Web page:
Satya's drawings dig deep into human destiny
By Chandra Johan
JAKARTA (JP): Satya Graha is obviously attracted to the absurdity of famous author Samuel Beckett and his works.
Satya's solo exhibition, held at Galeri Milenium from March 13 through April 2, displays drawings of famous figures like Russian author Fyodor Dostoyevski, the Irish painter Francis Bacon and more particularly Beckett, the author of the famous play Waiting for Godot.
Beckett's philosophical ideas have inspired Satya's works. And the old, wrinkled face of the Irish author, with his firm jawbone and cold eyes, invariably dressed in an overcoat, obviously left a deep impression on Satya.
In many of his works, Beckett exposed problems of modern man trapped in an isolated world full of absurdity and uncertainty.
Beckett, who spent much of his adult life in France, shows a world of emptiness. His people are akin to those exposed in works of Francis Bacon, one of the painters Satya likes the most.
Satya's drawings mostly take human subjects. His renditions of human figures are generally fragmented, separated from their societies, secluded in a certain space or a room.
He probably adopted the concept of humanity held by Beckett and Bacon during his stay in Germany.
Satya recalled that on one winter afternoon, he saw hundreds of workers rushing to a nearby subway station. Their faces were tired and pale, hidden behind their thick overcoats and scarves. But he imagined that he could see through their bodies. "I could see their white bones beneath their skins," Satya remembered.
The people, Satya said, were clear representations of modern man shaped by the unfriendly and taxing industrial world. Their primary objectives in life were to work until death came for them.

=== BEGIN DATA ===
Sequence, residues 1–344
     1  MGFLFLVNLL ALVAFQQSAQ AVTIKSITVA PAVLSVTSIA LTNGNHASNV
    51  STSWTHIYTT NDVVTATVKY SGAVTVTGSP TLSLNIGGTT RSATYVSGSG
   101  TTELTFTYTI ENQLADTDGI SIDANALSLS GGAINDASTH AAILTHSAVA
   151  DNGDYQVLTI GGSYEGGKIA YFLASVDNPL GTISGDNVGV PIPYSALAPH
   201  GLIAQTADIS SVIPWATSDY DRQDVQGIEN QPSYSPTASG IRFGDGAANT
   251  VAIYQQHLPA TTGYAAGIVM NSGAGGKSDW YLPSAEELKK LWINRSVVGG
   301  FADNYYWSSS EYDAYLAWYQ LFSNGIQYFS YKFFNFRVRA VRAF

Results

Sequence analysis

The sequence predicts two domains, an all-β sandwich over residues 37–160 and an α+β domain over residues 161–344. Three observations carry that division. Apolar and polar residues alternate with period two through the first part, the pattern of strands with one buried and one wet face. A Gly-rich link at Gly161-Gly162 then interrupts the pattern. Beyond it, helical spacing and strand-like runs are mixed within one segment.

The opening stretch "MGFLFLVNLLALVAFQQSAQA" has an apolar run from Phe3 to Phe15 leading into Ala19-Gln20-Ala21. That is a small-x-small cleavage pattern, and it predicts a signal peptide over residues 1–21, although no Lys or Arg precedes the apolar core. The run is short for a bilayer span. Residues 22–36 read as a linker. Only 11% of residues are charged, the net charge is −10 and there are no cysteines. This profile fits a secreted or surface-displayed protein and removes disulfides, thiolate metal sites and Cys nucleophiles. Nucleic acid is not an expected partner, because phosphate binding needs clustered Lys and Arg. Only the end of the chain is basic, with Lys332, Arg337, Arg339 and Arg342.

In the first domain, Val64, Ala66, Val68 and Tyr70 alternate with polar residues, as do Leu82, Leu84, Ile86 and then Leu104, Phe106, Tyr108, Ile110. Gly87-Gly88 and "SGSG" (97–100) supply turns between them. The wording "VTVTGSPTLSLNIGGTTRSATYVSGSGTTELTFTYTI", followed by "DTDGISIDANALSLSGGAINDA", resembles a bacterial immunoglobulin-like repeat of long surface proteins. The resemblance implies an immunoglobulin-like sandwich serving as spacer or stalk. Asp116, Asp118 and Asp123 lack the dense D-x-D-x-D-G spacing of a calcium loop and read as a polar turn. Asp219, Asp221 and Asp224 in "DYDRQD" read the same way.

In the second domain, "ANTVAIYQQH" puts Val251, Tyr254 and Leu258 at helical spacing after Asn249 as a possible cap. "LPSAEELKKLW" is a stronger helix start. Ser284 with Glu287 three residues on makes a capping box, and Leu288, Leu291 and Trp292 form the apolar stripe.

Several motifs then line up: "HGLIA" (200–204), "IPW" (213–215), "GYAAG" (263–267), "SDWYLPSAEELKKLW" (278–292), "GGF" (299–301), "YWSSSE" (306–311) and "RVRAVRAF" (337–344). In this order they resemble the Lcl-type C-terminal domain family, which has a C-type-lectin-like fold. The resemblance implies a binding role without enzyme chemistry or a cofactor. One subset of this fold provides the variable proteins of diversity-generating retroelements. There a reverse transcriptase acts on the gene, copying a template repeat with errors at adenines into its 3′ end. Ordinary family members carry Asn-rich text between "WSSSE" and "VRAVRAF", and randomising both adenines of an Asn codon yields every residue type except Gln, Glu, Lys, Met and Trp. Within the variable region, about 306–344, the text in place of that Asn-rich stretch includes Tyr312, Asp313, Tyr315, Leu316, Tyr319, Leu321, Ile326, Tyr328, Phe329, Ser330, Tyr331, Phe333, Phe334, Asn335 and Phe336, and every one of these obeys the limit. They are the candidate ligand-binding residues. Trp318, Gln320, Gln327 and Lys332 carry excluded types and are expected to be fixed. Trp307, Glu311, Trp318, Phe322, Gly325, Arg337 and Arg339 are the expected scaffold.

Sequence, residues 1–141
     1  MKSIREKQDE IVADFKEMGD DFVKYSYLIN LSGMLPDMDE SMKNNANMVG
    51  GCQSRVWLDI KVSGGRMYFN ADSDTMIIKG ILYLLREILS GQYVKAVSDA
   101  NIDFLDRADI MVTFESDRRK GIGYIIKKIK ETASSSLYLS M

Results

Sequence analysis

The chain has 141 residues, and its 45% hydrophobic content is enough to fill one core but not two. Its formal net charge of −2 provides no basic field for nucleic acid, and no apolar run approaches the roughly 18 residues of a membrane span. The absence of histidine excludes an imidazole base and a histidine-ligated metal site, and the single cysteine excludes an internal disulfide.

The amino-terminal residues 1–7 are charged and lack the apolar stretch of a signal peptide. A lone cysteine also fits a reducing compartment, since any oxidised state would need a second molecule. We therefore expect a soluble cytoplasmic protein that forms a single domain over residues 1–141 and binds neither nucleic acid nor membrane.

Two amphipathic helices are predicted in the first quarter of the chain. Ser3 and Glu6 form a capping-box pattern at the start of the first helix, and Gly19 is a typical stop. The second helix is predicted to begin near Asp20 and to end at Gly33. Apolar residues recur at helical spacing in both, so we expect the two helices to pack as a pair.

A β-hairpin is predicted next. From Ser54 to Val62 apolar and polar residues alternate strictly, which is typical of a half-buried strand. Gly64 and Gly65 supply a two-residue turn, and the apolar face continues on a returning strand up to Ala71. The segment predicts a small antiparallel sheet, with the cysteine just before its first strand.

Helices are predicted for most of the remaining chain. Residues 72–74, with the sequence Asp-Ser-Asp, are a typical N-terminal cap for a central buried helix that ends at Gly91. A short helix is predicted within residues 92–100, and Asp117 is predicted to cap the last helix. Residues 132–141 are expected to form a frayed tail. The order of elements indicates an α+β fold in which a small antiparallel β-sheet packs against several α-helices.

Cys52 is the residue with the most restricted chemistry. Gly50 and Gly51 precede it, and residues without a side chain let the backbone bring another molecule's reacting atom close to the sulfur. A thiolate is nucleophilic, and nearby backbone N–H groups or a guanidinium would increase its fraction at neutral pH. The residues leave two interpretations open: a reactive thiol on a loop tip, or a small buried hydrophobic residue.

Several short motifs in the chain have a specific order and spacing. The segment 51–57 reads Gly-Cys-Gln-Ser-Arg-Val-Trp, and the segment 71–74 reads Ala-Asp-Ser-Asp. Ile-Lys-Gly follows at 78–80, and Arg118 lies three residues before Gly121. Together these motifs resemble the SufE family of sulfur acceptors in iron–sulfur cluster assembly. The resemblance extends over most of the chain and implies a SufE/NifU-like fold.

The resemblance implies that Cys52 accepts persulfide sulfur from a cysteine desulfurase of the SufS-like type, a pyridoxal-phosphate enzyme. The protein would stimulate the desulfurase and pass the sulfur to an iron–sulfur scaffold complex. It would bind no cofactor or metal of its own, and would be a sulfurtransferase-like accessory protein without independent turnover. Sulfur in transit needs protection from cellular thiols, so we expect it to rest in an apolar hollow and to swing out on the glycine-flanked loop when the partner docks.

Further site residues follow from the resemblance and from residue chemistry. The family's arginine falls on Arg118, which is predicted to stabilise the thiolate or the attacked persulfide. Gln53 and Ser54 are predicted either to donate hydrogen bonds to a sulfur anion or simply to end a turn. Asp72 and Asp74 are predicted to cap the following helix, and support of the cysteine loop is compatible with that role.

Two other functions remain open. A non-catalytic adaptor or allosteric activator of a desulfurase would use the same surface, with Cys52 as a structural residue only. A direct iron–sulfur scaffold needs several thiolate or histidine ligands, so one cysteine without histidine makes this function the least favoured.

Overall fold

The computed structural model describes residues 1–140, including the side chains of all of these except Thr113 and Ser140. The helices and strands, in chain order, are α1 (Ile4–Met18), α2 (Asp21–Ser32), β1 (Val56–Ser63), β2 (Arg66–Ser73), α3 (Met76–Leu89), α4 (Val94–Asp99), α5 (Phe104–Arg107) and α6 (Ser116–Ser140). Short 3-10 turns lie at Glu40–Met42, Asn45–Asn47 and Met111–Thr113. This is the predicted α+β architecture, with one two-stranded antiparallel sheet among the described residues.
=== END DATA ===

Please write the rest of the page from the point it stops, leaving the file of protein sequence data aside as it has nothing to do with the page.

The experience led him to present human figures as a construction of bone, skin, muscle and veins which are all human engines of life, a temporary life.
Satya often draws naked figures with a particular stress on certain parts of the body. Using chiaroscuro, his figures generally appear from darkness, forming a shadow of a dim figure creating a hollow, fragile and volatile image.
Even when he presents more than one figure, such as in Berdua (Two of Us), Pelukan (Embrace) and Tanpa Judul (Untitled), the atmosphere of loneliness and oblivion is expressively felt because Satya has never given any logical relation between each subject presented on his canvas. Satya stresses more the fragmental plots.
In Berdua, for example, Satya creates an ambiguous relationship between the two figures. No part of his drawings is "finished" in a normal and logical way. However, our psycho- pictorial condition tends to organize things in a gestalt way. We then easily create our own story and perception of each fragmental figure.
Satya is well-known for his talent in using pencil and paper as his primary media. But in this exhibition, Satya experiments with Chinese ink, such as in his Studi Beckett 13 (Study of Beckett 13) Studi Bacon 14 (Study of Bacon 14), Tamu (Guest), Kawan (Friends) and several others.
In his creative process, Satya often starts with a lateral frame of thinking. He can begin his work drawing a simple subject, such as details of folded fabric, then go on to other things.
"What attracts me most in drawing a picture is that the initial concept is often not so clear, it is usually a part of an entire idea. After the first detail is painted, it needs a complementary subject. In the further process, the original concept may shift or lose its meaning," Satya writes in his catalog.
Understanding Satya's works of famous people like Beckett and Bacon is not easy. He does not provide superficial representations, but tries to deeply explore their thoughts and ideas.
Satya's drawings of human beings arouse many questions about our existence.
As he says, through his drawings he tries to understand what life is, to understand himself and things around him. His drawings are an insightful contemplation of the destiny of humans.